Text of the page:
Chhattisgarh still lives with the toxic legacy of those years. Large-scale recruitment into the Salwa Judum militia — a move that, consciously or otherwise, drew directly on tactics used 1949 — gave police allies against the insurgents. The militia, however, also weaponised local feuds, and engaged in large-scale criminality: thus legitimising the Maoists. The relocation of some communities to the roads, similarly, simply ceded villages in the interior to insurgent control.

In 1961, French special forces officer Roger Trinquier authored his findings on why military-led counterinsurgencies were fated to fail. The French military in Algeria and Indochina, he noted, “is not prepared to confront an adversary employing arms and methods the army itself ignores. It has, therefore, no chance of winning”.

He concluded memorably: “Our military machine reminds one of a pile-driver attempting to crush a fly, indefatigably persisting in repeating its efforts”

In the decades since Imperial France’s defeats, Indian police forces have demonstrated counterinsurgency can be waged in smarter, more effective ways. In the late 1990s, Andhra Pradesh’s politicians united behind a decisive counter-Maoist strategy. Former director-general of police HG Dora built a highly-rated intelligence service, boosted the numbers of police stations and upgraded training.

It called in NS Bhati, a veteran of the legendary RAW covert force, code-named, Establishment-22, to train crack special jungle warfare force, the Greyhounds.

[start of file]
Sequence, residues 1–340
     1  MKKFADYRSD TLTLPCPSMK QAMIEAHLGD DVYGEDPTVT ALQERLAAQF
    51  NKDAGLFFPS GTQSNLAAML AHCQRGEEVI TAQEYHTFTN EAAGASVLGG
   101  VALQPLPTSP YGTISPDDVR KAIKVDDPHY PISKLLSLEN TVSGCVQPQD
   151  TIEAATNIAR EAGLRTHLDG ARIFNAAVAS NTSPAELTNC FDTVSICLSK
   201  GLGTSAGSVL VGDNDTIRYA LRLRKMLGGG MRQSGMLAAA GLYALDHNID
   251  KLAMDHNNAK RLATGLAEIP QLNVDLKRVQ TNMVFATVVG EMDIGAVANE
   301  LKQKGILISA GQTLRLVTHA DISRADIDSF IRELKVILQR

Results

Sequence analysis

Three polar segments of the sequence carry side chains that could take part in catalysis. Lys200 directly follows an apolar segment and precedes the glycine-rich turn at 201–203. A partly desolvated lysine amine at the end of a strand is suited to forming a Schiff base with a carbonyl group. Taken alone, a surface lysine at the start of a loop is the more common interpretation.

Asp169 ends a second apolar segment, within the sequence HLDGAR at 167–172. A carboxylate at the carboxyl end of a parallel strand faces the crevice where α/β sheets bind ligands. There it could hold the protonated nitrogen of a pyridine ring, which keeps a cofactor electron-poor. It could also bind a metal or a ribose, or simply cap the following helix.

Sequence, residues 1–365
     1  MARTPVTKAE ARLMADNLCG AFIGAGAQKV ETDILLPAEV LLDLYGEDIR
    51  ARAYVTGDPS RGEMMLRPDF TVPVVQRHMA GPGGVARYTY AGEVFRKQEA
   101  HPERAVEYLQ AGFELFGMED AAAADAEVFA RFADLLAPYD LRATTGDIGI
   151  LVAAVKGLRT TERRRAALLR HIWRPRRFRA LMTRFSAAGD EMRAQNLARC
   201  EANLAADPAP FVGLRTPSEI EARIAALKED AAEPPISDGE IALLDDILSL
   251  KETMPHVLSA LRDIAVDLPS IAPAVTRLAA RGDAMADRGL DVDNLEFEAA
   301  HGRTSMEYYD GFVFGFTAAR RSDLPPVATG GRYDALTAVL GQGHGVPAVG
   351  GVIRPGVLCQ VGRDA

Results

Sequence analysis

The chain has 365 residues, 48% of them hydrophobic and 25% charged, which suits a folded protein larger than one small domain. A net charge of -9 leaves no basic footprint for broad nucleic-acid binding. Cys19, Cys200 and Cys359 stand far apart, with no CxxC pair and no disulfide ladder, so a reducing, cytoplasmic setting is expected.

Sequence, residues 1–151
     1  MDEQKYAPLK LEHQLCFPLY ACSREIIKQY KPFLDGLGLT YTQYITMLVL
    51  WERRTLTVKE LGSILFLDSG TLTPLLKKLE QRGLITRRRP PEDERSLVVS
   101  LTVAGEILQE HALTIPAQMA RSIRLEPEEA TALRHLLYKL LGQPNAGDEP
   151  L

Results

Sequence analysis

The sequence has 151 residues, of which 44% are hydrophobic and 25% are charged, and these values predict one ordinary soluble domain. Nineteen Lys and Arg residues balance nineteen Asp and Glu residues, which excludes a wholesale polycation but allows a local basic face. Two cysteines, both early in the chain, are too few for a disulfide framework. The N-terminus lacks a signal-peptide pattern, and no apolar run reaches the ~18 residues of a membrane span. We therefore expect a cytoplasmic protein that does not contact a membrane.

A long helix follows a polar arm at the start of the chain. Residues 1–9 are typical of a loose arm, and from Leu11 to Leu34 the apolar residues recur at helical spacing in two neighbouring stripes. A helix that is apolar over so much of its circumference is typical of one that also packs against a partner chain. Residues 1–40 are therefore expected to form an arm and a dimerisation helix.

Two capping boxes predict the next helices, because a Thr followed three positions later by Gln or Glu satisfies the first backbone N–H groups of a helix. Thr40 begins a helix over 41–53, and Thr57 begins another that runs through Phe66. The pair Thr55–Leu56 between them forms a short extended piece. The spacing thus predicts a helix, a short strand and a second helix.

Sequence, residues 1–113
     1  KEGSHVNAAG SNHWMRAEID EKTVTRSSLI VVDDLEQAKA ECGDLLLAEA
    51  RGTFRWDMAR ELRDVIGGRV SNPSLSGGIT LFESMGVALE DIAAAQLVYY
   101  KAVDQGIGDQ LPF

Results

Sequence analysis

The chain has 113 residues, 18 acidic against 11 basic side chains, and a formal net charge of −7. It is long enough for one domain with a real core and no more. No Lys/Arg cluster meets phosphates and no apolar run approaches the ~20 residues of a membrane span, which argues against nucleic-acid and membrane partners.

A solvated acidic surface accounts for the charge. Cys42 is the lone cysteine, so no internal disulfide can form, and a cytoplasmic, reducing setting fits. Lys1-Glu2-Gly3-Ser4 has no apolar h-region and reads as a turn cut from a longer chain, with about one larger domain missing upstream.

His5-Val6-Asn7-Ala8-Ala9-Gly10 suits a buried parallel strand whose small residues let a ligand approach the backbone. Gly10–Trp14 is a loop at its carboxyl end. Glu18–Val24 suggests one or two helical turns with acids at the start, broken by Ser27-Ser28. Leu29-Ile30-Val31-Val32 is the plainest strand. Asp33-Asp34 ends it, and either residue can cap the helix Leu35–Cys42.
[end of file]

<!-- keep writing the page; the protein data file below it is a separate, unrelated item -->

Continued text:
Punjab’s KPS Gill famously routed an insurgency that seemed poised for triumph. Though pop-culture remembers him for foisting a culture of extrajudicial executions, machismo did not win the war: moving forces out of static duties, improving reaction times, and enhancing intelligence were the real keys to success. In Tripura, pinpoint police operations defeated an ethnic insurgency few then believed could be ended.

Andhra Pradesh was then ruled by the Telugu Desam Party; Punjab by the Congress; Tripura by the Left: counterinsurgency success isn’t about party politics, but professional skill and political will.

The use of blunt instruments has rarely won counterinsurgencies. In 1967, the Indian Administrative Service officer Vijendra Jafa has recorded, Indian soliders forcibly relocated villagers in Mizoram, sometimes forcing residents to burn down their own homes. The savage military campaign, though, did nothing to end the insurgency.

In the end, Jafa has written, a less-than-edifying peace was bought by “getting some of the important dissidents amongst the insurgents into the Congress (I) fold and pouring in enormous quantities of money for the enrichment of this class”.

“India” scholar Manoj Joshi has observed, “has often been compared to an elephant. The lumbering vegetarian pachyderm is not a natural predator, yet, in fear or anger, it can and does kill, often with the greatest brutality”.

Following the weekend’s slaughter, New Delhi’s impulse might well be to react in similar rage, and once again repeat the mistakes of the past. This is, however, time for an honest stock-taking: and patient planning of the way forward.